The next step in this representative remote clean process of the present invention is to modify the gas flow in response to block 807 and employ cleaning gas dilution in response to block 802. In response to blocks 811 and 812, the cleaning gas and inert gas flows are adjusted. In this example where the cleaning gas is NF3 and inert gas is Argon, the gases could be provided in a 1:1 ratio such as where NF3 is 750 sccm and Ar is 750 sccm. Alternatively, better cleaning uniformity may be obtained by providing a 2:1 ratio between the cleaning gas and the inert gas as in where the gas flows are adjusted to provide 1000 sccm NF3 and 500 sccm Ar or, preferably, 1500 sccm NF3 and 750 sccm Ar. As in the previous example, total flow through applicator 72 and microwave power are maintained at a level where complete or nearly complete dissociation of the cleaning gas is achieved.
As the cleaning gas inert gas mixture dissociates and provides reactive species to the processing chamber (block 804) the chamber pressure is decreased to a pressure of about 1.8 Torr (block 805). Reactive species have a longer residence time at the lower pressure thereby increasing the likelihood that they will react with the remaining deposits formed within the chamber to form volatile compounds that are exhausted from the chamber (block 806).
After the removal of deposits conducted in accordance with block 806 is complete, the chamber is seasoned by depositing a layer of film in accordance with block 809 before resuming processing operations. For example, in a processing apparatus used to deposit PSG a layer of about 1000 Å of SiO2 may be deposited in processing region 107 while no substrate is present within region 107. Next according to block 810, resume the deposition of PSG films on substrates in the processing chamber.
In addition to the above specific embodiments, it is anticipated that several gas flow rates and chamber pressures may be employed and modified through successive iterations of the steps in block diagram 800. It is also anticipated that the methods of block diagram 800 may be employed with the methods of block diagram 300. One result illustrative of such a combined method would be the employment of the gas mixing and chamber pressure adjustments of block diagram 800 into the multiple interior regions formed within a processing reactor 10.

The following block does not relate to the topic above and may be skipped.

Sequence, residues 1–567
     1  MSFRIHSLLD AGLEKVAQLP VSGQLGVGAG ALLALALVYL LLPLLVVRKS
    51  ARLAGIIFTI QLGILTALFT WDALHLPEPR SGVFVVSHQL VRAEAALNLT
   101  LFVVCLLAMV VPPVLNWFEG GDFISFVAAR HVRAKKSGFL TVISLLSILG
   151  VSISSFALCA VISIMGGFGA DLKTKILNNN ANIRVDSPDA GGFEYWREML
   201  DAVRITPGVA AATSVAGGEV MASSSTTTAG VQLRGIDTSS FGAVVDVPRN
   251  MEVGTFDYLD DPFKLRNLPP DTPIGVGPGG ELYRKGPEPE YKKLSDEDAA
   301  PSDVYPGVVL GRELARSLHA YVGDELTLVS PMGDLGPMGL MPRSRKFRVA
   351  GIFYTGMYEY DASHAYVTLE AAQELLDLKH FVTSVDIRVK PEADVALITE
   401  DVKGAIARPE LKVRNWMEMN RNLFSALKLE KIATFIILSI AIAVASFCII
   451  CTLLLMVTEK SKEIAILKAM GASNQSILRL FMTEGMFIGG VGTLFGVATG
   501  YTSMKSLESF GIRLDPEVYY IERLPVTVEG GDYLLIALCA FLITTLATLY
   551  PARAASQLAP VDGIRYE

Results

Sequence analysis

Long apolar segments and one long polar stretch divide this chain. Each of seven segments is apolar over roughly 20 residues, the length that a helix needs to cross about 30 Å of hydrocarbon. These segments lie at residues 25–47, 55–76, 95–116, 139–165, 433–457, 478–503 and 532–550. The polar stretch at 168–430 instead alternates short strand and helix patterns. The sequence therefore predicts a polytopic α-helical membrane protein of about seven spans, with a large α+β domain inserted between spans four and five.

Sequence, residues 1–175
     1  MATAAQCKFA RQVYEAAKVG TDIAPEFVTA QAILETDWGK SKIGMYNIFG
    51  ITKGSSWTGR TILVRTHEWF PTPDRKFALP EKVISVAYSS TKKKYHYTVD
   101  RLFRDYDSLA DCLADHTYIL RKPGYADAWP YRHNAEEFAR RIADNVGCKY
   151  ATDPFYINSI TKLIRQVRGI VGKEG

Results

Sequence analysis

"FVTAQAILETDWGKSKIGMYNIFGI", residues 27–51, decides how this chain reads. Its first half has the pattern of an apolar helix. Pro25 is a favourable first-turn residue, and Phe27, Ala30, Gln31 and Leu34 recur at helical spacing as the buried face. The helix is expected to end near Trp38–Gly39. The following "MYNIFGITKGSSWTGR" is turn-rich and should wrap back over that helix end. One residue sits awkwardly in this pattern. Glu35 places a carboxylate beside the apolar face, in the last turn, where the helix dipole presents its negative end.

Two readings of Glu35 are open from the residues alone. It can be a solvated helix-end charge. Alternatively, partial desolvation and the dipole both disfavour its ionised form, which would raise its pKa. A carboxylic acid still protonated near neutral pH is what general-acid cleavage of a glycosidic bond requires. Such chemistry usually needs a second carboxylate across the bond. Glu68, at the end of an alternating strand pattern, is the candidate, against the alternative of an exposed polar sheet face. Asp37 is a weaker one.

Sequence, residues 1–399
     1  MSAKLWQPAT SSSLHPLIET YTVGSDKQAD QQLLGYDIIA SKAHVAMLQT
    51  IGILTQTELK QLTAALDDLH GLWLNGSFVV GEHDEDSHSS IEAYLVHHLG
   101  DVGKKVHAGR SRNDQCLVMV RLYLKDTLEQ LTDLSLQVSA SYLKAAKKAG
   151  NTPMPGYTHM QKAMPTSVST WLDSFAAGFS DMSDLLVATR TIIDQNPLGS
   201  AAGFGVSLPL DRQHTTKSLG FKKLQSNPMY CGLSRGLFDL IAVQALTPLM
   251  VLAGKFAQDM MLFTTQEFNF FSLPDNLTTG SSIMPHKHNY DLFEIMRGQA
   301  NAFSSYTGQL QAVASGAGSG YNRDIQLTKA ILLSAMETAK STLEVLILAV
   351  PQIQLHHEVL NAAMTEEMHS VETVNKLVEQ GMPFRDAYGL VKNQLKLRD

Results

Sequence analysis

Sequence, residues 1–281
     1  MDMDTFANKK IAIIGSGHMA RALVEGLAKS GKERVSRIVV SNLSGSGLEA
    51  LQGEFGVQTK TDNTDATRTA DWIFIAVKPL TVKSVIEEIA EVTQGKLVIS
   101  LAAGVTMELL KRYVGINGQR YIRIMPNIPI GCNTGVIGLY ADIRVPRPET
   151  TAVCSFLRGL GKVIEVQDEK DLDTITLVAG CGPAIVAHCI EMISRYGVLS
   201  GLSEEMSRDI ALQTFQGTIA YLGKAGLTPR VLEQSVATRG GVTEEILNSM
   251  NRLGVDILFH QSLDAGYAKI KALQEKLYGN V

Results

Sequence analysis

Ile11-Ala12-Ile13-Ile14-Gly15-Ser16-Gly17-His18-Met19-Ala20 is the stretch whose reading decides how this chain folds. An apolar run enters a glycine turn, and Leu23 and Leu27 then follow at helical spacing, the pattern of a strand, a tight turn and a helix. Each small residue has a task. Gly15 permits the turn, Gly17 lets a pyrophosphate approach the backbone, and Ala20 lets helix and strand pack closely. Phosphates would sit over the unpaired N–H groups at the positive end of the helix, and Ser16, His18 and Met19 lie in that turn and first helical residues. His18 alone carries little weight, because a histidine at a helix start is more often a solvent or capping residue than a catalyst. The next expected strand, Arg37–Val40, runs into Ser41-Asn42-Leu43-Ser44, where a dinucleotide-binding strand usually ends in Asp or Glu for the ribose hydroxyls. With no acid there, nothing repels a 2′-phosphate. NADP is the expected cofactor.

Referring now to FIGS. 9, 10 and 11, the advantageous cleaning rate and cleaning uniformity achieved by a method of the present invention set forth in FIG. 3 can be better appreciated. The results illustrated in FIGS. 9, 10 and 11 were obtained by measuring the initial thickness and uniformity of a SiO2 film deposited on several 200 mm wafers then exposing those wafers to different process conditions within a chamber 10 to determine the effect of the different process conditions on cleaning rate and uniformity. After exposure to a particular cleaning process environment, film thickness and uniformity was again measured and compared to the original thickness and uniformity. Each graph represents a different variable such as various Ar flow rates in FIG. 9, various NF3 flow rates in FIG. 10 and various chamber pressures in FIG. 11.